After the medical I was given a tour of the facility which was located just across the road in a separate building. It looked more like a business headquarters from the outside than a medical facility. Walking through the reception and into the hallways, I soon saw the volunteers who were currently checked in for whatever study they were doing. They wore matching polo-shirts which identified them to their study via their colour (there were six wards in total which meant there were up to six studies taking place at any one time). Some of the volunteers were playing table tennis, some were playing pool, others were playing darts. Some sat down on beanbags and played on the Xbox; others sat in the lounge watching movies. I couldn’t quite believe what I was seeing. I watched them all relaxing and hanging out while taking home about £200 a day. Of course, they did have to be in their beds at some points for procedures, but for most of the day they were free to do as they pleased. I was even informed that there was bingo and quizzes which came with prizes. The cherry on the cake? The time spent here was completely free. You paid for nothing, all your meals were brought to you, and hell there was even a laundry service. It was like staring at the great secret I had hoped always existed when working those soul-crushing and tedious jobs. I thought of all the people out there spending money on their commutes, working for awful wages, struggling to save anything more than a few hundreds pounds a year. Fools! Here you could walk into the clinic, lay around, scratch your balls, play games, watch movies and have meals brought to you before walking out the front door a few thousands pounds better off. It was the ultimate life-hack and the big vein on my forearm was already pulsating at just the thought of it.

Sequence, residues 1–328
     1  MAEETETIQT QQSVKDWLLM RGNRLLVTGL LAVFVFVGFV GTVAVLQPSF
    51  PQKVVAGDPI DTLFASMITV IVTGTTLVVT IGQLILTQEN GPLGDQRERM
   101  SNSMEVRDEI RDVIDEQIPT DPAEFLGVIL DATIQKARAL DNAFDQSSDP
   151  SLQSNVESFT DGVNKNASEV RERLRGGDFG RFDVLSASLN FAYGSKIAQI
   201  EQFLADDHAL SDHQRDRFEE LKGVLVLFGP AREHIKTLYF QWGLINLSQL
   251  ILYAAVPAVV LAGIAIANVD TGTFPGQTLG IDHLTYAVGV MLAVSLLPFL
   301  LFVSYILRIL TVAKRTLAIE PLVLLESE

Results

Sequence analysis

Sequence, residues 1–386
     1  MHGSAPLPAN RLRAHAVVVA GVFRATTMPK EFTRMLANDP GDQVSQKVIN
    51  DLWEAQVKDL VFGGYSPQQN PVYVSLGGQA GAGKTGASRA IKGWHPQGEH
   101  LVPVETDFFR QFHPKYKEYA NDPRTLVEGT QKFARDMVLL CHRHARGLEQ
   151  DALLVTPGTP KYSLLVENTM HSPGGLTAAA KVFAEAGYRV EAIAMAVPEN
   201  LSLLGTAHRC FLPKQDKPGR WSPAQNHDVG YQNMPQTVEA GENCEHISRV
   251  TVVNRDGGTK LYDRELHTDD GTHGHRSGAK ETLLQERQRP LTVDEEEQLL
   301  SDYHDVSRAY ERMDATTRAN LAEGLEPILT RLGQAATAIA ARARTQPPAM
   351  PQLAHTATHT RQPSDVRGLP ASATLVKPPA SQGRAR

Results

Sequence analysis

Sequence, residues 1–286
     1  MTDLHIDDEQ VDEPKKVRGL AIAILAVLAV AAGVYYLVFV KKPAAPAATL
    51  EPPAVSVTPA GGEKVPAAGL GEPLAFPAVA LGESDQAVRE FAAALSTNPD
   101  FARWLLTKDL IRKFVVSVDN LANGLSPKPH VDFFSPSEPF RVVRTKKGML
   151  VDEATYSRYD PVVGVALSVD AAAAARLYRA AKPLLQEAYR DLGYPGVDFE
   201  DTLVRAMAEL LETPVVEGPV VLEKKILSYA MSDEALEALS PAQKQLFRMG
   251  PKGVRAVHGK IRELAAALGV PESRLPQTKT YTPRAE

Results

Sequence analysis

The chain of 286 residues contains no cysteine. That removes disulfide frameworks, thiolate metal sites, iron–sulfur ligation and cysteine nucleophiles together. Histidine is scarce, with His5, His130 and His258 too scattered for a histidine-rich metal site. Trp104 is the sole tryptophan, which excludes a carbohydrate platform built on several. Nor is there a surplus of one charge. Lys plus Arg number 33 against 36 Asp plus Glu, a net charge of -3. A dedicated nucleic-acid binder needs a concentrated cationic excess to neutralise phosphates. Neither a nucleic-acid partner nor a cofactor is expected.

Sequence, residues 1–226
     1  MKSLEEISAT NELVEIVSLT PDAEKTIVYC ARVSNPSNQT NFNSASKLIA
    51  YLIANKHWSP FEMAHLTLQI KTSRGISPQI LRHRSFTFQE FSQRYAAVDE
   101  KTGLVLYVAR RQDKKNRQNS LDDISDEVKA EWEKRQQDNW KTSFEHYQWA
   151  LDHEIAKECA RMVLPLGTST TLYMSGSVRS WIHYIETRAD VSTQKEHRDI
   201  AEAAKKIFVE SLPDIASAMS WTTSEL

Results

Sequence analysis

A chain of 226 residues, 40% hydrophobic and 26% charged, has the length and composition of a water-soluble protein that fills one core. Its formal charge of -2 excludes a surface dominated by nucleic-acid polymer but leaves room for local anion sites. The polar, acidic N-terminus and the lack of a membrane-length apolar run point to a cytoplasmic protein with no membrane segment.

It was about two weeks later that I started my first study. I first attended a screening where I had my blood taken, my heart rate and blood pressure recorded, underwent a drug test, a breathalyser, a smokerlyzer, and, finally, had another brief medical with the doctor. Once again I passed with flying colours and was admitted to the clinic for the trial. The trial involved taking a medicine that treated some condition called ‘Neutropenia’ – a white blood cell disorder that was a side-effect of chemotherapy. The medicine was supposed to increase your white blood cell count – a response to the condition which typically lowered it, causing people to be more susceptible to diseases and infections due to weakened immune systems. I wasn’t totally sure what the whole thing was about if you want to know the god’s honest truth. I guess like everyone else I was blinded by the money – four and a half thousand pounds for twenty-two days in the clinic. Ha! It seemed absolutely ridiculous thinking about it – so much so that I was willing to get sick for it, even though the doctor made it clear many people had taken the drug before and the only real side effect was some ‘bone pain’. A bit of bone pain? That sure trumped the pain that came from the alternative. In particular I thought of what was required to earn four thousand pounds in that pet-food warehouse – the back pain, the stomach pain from the smell, the mental pain from the monotony. It was a good trade in my books and I was ready to get to work. I unpacked my things and prepared myself to be experimented on. It was go-time. (Oh, if you’re wondering why I was trialling a drug for a condition that I didn’t suffer from, it was because they didn’t want people who actually suffered from the condition. All the trials there were not to see if the medicine actually worked – that research had already been done – it was just to see how it was taken up by a healthy person and if there were any side effects.)